The Perfect Hot-Rodding Coffee Table Book Is Now Available In The Shop
Head over to the Petrolicious Shop to order your own limited edition copy here
As far as cultural symbols go in America, hot rods rival apple pies and baseball, but their early days saw the general public decreeing the car modification movement as an outlet of hooliganism and rebellion. Hot-rodders were often lumped in with the groups that you didn’t want to approach alone. Tom Medley changed that perception, brought humor and artistry to the culture of customization, and along with the rest of the early-years staff at Robert Petersen’s encapsulating magazine, HOT ROD, he helped sway the opinions of those outside the scene while simultaneously being a torchbearer for the insiders.
Tom was one of the first employees at the publication. As capable with a pen as he was with a wrench, an accomplished photographer, and having already displayed his natural and practiced gifts of drawing and visual story-telling, he joined the magazine for its second issue as a cartoon and humorist. This was in 1948, and after marching on Berlin in the weeks leading to V-E Day, he remained abroad as part of the occupying post-war force. Throughout all of this though, he was sketching and drawing for infantry newsletters, and of course, trading cigarettes among his fellow G.I.s in order to fund the mail-order stash of hot-rodding parts he was piling up back in the States.
After returning home and joining the staff at HOT ROD after getting involved with the scene while studying at the ArtCenter in Los Angeles, it wasn’t long before his famous Stroker McGurk character came to life. The character embodied the ingenuity and scrappiness of the people building customs at the time, but more importantly than that his creation brought levity to the culture. The antics of Stroker are boundless, and so is the creative mind who drew the thousands and thousands of comic panels he lived in. Tom Medley was prolific in his many crafts—photography, writing, painting, building, and of course, drawing—and unlike so many others who share this trait, he also saved, almost all of it.
The legacy of a seven-decade-long career was more or less collected in a grid of boxes in his garage, each brimming with old negatives, writings, correspondence, and drawings and sketches marked onto just about every medium that would take a pen or a pencil. In a stroke of bad luck followed by the opposite, the garage his work was kept in burned down along with his custom ’40 Ford Coupe. The good luck? The boxes of art boards and film were more or less okay, having been shielded by other possessions that didn’t have such a lucky fate.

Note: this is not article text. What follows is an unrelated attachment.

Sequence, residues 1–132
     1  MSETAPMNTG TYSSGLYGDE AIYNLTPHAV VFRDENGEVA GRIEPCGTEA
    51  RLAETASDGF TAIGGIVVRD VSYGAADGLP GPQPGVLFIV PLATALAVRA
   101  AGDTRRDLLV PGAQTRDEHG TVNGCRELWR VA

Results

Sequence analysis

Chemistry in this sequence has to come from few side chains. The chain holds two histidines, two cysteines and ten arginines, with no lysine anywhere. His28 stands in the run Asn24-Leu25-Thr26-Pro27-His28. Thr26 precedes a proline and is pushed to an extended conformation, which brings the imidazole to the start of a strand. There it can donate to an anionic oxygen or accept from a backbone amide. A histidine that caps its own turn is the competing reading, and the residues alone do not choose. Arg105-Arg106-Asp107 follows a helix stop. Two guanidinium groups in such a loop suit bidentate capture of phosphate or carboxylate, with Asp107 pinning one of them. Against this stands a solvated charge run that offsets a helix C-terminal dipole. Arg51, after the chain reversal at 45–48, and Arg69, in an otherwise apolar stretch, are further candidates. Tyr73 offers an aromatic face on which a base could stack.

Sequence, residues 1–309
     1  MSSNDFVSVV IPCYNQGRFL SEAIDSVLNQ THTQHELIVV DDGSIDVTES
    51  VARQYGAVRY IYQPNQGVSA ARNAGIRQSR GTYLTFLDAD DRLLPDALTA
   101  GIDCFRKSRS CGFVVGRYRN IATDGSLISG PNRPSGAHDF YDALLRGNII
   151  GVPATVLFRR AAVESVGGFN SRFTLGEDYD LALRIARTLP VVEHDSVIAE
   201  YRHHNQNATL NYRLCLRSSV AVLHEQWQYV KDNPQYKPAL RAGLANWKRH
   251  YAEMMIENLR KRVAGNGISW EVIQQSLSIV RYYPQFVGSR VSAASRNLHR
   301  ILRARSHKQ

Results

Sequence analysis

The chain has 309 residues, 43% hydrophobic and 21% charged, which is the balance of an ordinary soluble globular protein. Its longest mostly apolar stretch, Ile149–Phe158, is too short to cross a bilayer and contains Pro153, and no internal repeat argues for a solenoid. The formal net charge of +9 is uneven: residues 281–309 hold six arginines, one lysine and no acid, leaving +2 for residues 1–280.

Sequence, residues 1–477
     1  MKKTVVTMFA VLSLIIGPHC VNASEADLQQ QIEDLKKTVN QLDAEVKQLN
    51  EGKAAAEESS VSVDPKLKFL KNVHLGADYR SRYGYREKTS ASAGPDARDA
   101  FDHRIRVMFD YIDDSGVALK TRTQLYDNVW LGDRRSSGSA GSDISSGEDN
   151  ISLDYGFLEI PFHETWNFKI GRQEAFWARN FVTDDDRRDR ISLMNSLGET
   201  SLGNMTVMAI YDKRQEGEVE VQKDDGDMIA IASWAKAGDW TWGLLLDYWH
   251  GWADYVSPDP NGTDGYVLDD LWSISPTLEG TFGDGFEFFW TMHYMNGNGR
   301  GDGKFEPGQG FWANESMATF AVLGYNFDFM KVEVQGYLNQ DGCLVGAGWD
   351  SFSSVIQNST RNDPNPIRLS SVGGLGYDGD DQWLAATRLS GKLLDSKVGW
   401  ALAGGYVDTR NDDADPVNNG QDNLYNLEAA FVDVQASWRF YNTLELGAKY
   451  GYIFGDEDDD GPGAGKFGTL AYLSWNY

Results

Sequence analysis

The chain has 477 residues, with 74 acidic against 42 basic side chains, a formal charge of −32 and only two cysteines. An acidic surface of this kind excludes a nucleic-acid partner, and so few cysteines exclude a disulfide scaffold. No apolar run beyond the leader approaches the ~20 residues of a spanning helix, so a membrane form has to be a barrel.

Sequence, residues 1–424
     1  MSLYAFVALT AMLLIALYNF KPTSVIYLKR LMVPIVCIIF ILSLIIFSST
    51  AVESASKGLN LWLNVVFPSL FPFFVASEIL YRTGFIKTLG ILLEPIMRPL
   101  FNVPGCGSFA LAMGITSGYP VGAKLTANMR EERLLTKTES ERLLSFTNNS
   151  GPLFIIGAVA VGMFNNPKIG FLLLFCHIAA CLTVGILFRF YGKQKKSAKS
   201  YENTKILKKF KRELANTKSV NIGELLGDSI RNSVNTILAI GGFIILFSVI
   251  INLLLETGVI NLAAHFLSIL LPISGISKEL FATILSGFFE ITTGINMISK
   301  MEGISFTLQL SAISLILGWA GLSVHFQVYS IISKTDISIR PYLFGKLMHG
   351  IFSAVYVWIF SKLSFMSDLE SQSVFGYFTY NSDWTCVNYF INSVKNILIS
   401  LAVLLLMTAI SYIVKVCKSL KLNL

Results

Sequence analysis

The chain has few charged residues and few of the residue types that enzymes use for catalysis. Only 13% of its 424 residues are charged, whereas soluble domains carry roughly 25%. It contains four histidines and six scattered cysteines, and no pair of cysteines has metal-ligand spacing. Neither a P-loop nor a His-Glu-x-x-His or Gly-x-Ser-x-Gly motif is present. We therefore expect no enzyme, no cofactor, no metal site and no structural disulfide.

Tom had always wanted to craft a book out of the vast collection of his work, and this near loss of the lot of it helped get that ball rolling. He was in the process of collecting and curating his pieces together for publication when he passed in the spring of 2014, at the life-well-lived age of 93. He was pursuing his craft and passion until the very end.
There was still much to be done though, and after salvaging and drying the mostly intact corporeal legacy of the man’s art, his son Gary teamed up with graphic designer Tod Guenther to develop the look and feel for the book, while David Fetherston guided the publication process and Kathy Fiskum worked on the digital production. The small group proves what can be accomplished when genuine dedication and interest are involved, and the history of one of hot-roddings earliest champions and trend-setters is now beautifully written, illustrated, and most importantly, preserved. The book features scans of all his original artwork, tons of notes and anecdotes, never before seen sketches, and the whole package is thoughtfully arranged both visually and textually. As Gary says, “If he could flip through it today, he would surely smile and utter his catch-all phrase of approval: ‘Bitchin’!’”